). But these methods are resource-intensive and piecemeal, and they may only uncover problems after an automated system has already affected thousands of people. Secrecy can also prevent courts from developing and clarifying the law governing automated systems. This leaves both civil servants and members of the public uncertain about their rights and duties.7R (Unison) v Lord Chancellor  UKSC 51.
In this context, an increasingly pressing question is how public law principles can potentially combat secrecy in the algorithmic state. One candidate is the emerging duty of transparency. If the state uses a policy to guide its discretionary decision-making, ‘it is the antithesis of good government to keep it in a departmental drawer’ (B v Secretary of State for Work and Pensions  EWCA Civ 929
at para 43). Secret policies prevent people from effectively regulating their conduct in accordance with the law and increase the risk of arbitrariness in the exercise of state power.8R (Justice for Health Ltd) v Secretary of State for Health  EWHC 2338 (Admin).
They are ‘in general inconsistent with the constitutional imperative that statute law be made known’ (Salih and Rahmani v Secretary of State for the Home Department  EWHC 2273 (Admin)
at para 52). These concerns would seem to apply whether the policy is set out in a document or encoded in an algorithm.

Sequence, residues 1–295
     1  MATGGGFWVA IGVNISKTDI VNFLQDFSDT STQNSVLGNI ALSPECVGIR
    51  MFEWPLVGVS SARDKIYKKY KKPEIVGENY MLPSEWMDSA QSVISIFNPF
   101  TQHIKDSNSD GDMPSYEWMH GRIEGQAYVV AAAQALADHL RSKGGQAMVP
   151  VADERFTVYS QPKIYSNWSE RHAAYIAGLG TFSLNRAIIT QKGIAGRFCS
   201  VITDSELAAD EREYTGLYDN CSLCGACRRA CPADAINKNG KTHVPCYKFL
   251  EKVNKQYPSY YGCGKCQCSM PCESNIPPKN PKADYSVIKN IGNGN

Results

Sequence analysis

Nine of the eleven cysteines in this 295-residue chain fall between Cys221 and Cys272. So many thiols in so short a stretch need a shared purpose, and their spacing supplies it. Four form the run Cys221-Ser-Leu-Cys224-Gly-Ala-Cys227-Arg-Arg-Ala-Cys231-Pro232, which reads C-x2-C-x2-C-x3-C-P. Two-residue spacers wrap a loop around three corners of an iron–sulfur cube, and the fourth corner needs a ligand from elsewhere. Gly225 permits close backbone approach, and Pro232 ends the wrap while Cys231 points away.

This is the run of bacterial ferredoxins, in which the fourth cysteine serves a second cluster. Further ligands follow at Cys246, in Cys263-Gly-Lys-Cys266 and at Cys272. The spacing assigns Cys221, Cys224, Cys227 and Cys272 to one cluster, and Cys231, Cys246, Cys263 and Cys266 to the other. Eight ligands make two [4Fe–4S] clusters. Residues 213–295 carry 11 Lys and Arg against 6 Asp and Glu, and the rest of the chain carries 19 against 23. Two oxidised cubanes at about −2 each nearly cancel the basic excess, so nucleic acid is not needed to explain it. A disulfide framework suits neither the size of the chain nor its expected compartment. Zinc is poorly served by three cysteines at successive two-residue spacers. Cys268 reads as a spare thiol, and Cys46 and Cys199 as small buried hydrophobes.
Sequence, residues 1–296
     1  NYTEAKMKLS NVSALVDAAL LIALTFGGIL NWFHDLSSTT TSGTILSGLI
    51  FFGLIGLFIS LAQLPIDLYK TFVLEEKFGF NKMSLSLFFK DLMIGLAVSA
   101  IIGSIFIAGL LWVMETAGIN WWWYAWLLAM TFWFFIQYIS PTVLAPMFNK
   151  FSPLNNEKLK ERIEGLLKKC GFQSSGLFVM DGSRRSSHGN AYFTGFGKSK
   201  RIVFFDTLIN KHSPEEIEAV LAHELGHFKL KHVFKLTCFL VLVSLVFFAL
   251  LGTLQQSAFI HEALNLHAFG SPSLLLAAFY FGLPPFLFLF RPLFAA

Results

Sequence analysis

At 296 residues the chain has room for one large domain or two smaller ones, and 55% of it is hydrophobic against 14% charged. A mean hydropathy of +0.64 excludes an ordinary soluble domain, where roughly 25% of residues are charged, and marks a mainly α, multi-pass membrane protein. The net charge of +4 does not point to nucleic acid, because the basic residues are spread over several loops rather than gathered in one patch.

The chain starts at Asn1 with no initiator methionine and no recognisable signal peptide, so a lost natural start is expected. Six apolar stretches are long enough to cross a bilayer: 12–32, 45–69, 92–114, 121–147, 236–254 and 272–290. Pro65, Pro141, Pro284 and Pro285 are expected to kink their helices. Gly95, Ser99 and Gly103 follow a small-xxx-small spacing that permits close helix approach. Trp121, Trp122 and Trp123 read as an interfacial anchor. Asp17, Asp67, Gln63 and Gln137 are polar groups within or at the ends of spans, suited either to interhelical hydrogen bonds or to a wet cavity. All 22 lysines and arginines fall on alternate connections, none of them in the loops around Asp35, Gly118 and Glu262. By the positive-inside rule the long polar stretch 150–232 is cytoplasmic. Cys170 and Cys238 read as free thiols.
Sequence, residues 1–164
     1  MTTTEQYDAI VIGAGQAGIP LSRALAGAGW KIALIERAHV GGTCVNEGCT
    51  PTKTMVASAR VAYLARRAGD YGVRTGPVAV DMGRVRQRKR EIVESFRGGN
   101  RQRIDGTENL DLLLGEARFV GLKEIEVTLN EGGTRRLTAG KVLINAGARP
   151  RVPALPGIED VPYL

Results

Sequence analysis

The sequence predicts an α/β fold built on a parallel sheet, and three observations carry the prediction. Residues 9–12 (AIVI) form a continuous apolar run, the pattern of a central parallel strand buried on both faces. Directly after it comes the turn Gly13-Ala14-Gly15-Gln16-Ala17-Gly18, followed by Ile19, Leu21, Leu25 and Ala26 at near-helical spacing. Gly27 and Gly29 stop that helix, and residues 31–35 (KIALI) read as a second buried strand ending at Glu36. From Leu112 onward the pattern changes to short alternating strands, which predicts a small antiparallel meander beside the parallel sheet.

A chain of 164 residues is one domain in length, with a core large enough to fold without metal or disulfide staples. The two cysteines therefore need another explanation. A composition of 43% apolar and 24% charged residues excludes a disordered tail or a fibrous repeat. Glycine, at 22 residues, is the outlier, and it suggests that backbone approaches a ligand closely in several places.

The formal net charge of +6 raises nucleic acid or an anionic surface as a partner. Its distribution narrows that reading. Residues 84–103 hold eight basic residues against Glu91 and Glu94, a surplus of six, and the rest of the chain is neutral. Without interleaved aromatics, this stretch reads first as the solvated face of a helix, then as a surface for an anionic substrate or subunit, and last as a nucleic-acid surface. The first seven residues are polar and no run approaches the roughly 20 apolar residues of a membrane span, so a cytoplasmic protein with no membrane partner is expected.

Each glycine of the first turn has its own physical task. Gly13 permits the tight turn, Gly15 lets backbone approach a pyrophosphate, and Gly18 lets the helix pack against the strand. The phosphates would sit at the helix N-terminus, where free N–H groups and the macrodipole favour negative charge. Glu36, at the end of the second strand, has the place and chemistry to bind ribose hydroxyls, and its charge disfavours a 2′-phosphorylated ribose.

A related principle is procedural fairness.9R v Secretary of State for the Home Department ex p Doody and other appeals  1 AC 531.
If the state proposes to make a decision that affects a person’s rights and interests, it must generally explain the grounds for that decision and give the person an opportunity to be heard. A person may be unable to make meaningful representations about a technology-assisted decision without details of how the technology works. Fairness can also require government to give reasons for a decision after it has been made.10Oakley v South Cambridgeshire DC  EWCA Civ 71.
This may similarly require the state to provide a detailed explanation of how its automated systems and decision-making models work, to enable affected persons to understand why a decision was made.
The courts have already begun to apply these principles to automated decision-making. In R (Ames) v Lord Chancellor  EWHC 2250 (Admin)
; December 2018/January 2019 Legal Action